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Building Expectations

How a rural, Title I school achieved its first-ever “A” rating.
By Sue Shepard
Principal, September 2019. Volume 99, Number 1.

All children deserve a comprehensive education that prepares them to succeed. As educational leaders, how can we provide instruction that helps students learn and grow and is responsive to their needs?

At Ash Creek Elementary, we have implemented a number of strategies and initiatives to promote the success of every student in pre-kindergarten through eighth grade—and we’re seeing results. In 2018, our small, rural Title I school received its first-ever “A” rating from the Arizona Department of Education in recognition of year-to-year academic growth and proficiency in English language arts, math, and science.

Here are several strategies that we have used that have had a positive impact on students’ learning and growth:

Set the bar high. Effective teachers and quality instruction are the most important factors in student achievement. Our teachers are qualified, dedicated professionals who enjoy teaching and working with children. We also have high standards; we expect students to do their best, just as we expect every teacher and staff member to do his or her best. When we set the bar high and provide the right supports, students and staff live up to expectations.

Create a friendly, respectful campus. We make it a priority for every staff member on our campus to know each student’s name. While this is easier to do in a small, rural school, it takes a campuswide commitment to make it happen. As the school principal, I try to get to know each child as an individual, and I let every student and parent know that I am always available to meet one-on-one.

Organize and prioritize curriculum standards. In years past, teachers created grade-level curriculum maps over the summer. Now, our school uses a curriculum framework from Beyond Textbooks, an organization created by teachers and district leaders in the Vail Unified School District, to map the year based on state standards. The standards are organized to ensure they have the greatest learning impact, while giving teachers creative freedom in how they teach.

Create a personalized learning environment. Our teachers regularly tailor lessons to individual student needs. We launched a 1:1 initiative so that every child has a laptop, and we use a variety of adaptive learning programs in core academic subjects. For example, we use a blended learning program called Odysseyware to provide teachers with lessons, assessments, and instructional tools to help differentiate instruction and allow students to learn at their own pace.

Foster a schoolwide commitment to reading intervention. Part of our school’s vision is to inspire literacy and build strong minds, but teachers haven’t always had the commitment necessary to implement interventions. Now, K–8 classes work 30 minutes per day on Fast ForWord, an evidence-based intervention that provides students with the foundational language and cognitive skills, practice, and guided reading support they need to address the root causes of their reading difficulties.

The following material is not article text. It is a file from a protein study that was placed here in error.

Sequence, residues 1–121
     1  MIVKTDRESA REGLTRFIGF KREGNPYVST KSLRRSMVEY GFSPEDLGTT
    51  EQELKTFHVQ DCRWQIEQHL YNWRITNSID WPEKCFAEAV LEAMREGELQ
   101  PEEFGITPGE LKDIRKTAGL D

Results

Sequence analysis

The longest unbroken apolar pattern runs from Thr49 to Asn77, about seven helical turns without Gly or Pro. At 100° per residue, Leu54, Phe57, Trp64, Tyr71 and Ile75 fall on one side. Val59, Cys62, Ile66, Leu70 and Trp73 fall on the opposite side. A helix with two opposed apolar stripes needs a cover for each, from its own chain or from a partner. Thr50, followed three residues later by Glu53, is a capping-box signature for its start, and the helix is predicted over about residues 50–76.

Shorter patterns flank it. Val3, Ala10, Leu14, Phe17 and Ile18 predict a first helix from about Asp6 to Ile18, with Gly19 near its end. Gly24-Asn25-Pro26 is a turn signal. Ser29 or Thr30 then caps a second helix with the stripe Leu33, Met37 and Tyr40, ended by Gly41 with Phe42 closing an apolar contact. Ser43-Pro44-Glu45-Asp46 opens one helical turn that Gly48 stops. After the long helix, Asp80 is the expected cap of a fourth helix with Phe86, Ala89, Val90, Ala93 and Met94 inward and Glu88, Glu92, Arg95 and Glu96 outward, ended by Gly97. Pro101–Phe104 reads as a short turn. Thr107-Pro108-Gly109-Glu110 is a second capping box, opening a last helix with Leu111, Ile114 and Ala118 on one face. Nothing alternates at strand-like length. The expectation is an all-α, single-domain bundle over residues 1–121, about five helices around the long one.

Share progress data with students. To help students focus and take ownership of their learning, we regularly share data on their progress with them. For example, our teachers share weekly reports from the reading intervention program with students. Students talk with teachers about their successes and how they can improve specific skills. This helps students “own” progress and know that their efforts are paying off.

Be inclusive. We believe in teaching children who qualify for special education in the least restrictive environment—most often in regular classroom settings. A Resource Room is available for children needing additional services.

Integrate the arts. Arts integration has proven highly effective among students. Our teachers participated in professional development and collaborated with artists to create arts-integrated academic units as part of a three-year Southeast Arizona Arts in Academics grant. Upon completion of the grant, they continued to integrate the arts into academic teaching.

The arts tap parts of the brain that subjects such as literacy, math, and science don’t, and using art as a vehicle can boost understanding among struggling students. We expect students to be dedicated to their work or performance, and they do amazing things; many special-​needs kids have shown talents that no one knew they had.

Incorporate real-world, hands-on learning. Hands-on learning creates real-world connections for students. As part of our agricultural education program, an educator with a local dairy visits the classroom once a week, teaching lessons aligned to state standards in science and math. We participate in the WeatherBug program and have a weather station at our school, enhancing math, science, geography, and technology study. Students also tend a school garden and harvest produce for the salad bar, which ties in with health and wellness initiatives.

Take a brain break. Even with the best instruction, children sometimes get antsy or have energy to burn, which can lead to behavior management issues. To give students a “brain break,” we use GoNoodle. These short videos focus on movement and mindfulness so students can move with purpose and then get back to work.

Helping Students Succeed

It has been a joy to see students’ growth and their progress on state assessments. It is also rewarding to see them take responsibility for their own learning, set high expectations for themselves, persevere when things get tough, and celebrate their successes. Thanks to our efforts, students with different learning styles feel welcome and are valued members of our community.   

Sue Shepard is principal of Ash Creek Elementary in Pearce, Arizona.

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Shepard_SO19.pdf376.79 KB